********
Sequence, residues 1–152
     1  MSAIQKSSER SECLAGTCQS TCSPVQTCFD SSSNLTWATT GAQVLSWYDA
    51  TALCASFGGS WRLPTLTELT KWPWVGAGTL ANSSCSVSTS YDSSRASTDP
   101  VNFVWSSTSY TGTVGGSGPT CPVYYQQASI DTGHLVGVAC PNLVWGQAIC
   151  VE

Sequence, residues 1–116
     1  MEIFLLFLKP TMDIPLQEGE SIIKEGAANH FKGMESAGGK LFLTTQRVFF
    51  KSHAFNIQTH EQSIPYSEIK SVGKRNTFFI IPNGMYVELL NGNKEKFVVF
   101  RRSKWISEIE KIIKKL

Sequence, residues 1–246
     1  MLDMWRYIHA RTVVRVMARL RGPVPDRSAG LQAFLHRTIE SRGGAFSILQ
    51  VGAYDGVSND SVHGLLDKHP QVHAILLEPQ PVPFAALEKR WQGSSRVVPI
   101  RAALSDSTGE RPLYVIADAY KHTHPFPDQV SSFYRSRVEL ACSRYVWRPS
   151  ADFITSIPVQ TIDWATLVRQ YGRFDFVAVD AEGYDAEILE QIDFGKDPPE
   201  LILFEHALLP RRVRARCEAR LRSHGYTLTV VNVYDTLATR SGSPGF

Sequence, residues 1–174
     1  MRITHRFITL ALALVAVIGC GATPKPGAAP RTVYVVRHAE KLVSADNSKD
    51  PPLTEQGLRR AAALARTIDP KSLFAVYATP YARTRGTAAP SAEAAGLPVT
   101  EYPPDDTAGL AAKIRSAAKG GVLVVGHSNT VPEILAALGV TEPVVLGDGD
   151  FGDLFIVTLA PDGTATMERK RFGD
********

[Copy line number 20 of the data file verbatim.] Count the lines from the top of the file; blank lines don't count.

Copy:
   151  FGDLFIVTLA PDGTATMERK RFGD